By Amy McDonald, FONA President
Last week at FONA’s Quarterly Management Meeting, I shared with the FONA team the story of Tiger Woods’ first Masters win. Little did I know that a few days later, he would go on to win his first Masters since 2005, and his fifth to date! What an incredible story!
It is his win in 1997 that encapsulates the power of making adjustments…and what can happen when you “flip the switch.”
In 1997, Tiger was the one to watch, the up & coming phenom with the eyes of the world on him. It was his first major as a pro, and The Masters at that. He was a mere 21 years old. To say Tiger struggled on his first nine holes would be an understatement. He looked very much like an amateur, and had a tough time finding the greens. Many reported that he was “more Woods than Tiger” that first 9, shooting a 40. He was in danger of even making the cut that weekend.
And then, he did something amazing. He flipped the switch. Tiger focused on the 10th hole. He adjusted his swing then and there, something most mere mortals cannot do. The adjustment had immediate impact and the results were clear: he finished the back nine with a 30 and now was within 2 strokes of the lead. From near disaster to within the reach, that switch made a world of difference.
Friday and Saturday the switch stayed on and he took the lead, leaving the mass of experienced players in his wake. Tiger closed Sunday winning the 1997 Masters by 12 strokes. Rick Reilly said it’s “the only Masters in history that began on the back nine on Thursday and ended on Saturday night” Tiger set 26 records that Masters week, many of which stand today.
I’ve talked before about how failure can be a good thing. The most important part of failure are the lessons you learn. That means, of course, you must make adjustments. You must consciously flip the switch.
Athletes like Tiger Woods spend years and years perfecting every skill used in the game. They spend countless hours to get to an exact way of doing things and to develop habits so firmly embedded into the way they play their game that it becomes second nature.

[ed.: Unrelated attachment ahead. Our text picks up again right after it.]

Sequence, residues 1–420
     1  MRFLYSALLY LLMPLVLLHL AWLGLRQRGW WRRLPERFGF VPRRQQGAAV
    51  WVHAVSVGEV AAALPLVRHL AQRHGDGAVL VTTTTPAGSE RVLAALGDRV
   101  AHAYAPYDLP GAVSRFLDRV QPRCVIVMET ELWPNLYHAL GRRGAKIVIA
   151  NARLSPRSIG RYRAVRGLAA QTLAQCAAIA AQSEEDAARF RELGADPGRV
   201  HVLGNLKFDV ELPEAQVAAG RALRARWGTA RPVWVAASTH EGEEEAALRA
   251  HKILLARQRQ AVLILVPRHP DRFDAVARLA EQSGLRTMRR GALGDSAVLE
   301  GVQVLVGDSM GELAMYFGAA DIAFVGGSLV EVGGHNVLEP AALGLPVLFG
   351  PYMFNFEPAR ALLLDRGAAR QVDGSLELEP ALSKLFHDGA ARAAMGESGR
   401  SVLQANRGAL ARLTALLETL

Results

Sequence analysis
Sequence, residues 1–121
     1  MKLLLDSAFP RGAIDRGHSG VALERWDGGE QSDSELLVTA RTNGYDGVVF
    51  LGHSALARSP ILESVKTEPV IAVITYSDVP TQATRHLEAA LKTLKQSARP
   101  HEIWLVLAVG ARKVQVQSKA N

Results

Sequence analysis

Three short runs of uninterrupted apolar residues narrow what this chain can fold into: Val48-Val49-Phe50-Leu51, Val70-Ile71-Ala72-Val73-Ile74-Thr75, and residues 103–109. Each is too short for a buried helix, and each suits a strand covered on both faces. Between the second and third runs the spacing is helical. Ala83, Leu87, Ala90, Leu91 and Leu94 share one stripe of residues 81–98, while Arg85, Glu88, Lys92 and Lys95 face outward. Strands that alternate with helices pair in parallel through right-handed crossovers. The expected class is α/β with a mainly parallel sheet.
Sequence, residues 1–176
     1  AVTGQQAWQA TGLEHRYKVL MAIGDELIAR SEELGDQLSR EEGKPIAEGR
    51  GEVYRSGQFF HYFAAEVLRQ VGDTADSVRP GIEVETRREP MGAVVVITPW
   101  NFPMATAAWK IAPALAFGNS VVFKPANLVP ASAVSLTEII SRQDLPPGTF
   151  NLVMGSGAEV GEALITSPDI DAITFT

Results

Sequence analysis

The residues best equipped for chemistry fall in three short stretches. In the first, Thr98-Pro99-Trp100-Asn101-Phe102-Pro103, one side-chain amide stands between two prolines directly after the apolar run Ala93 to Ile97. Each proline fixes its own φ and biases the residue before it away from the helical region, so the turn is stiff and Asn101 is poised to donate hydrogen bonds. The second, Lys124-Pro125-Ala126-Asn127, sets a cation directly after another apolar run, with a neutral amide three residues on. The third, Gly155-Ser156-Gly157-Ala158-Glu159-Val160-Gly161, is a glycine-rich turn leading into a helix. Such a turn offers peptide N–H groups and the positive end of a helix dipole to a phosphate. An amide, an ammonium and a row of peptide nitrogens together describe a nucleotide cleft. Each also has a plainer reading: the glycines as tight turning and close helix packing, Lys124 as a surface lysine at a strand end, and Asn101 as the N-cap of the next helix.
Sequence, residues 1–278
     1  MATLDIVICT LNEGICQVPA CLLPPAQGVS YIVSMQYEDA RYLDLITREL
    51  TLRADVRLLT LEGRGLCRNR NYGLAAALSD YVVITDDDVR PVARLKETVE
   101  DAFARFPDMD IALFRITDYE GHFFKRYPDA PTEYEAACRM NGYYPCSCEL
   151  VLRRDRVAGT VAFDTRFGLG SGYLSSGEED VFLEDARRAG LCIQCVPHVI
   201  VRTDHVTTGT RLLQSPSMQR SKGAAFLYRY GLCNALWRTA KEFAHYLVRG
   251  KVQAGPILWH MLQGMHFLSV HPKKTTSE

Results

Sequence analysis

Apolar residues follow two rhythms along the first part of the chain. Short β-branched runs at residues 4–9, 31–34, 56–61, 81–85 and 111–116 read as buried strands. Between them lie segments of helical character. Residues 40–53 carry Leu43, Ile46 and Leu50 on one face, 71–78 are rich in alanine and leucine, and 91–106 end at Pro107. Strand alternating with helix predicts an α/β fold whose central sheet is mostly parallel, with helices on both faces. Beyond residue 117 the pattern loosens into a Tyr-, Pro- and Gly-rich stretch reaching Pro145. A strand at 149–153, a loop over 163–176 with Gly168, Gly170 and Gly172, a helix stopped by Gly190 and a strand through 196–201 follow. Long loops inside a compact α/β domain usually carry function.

This is the nature of a high-growth business. Develop prime skills through learning and practice. Repeat time and again what works until the plays practically run themselves. Embed habits that drive results into the culture and business system.
But then, the dynamics change. That perfect swing isn’t getting next level results. The playbook isn’t delivering the winning game. Champions know when changing things up is what is needed. They flip the switch, iterate, and get on with it. To the next hole, the next shot, the next play. Champion businesses can thrive on both tried-and-true expertise and the flexibility to change things up.
For those on the course, adjustments are what drives success in a dynamic market. In business, we must create adaptability. How?
How does this need for quickly adjusting reveal itself in your business? Think of a time when you “adjusted your swing” and it led to a better result. What made it possible?
At every level, we’re all competing for the green jackets every day in one way or another, aren’t we?
Thanks for reading,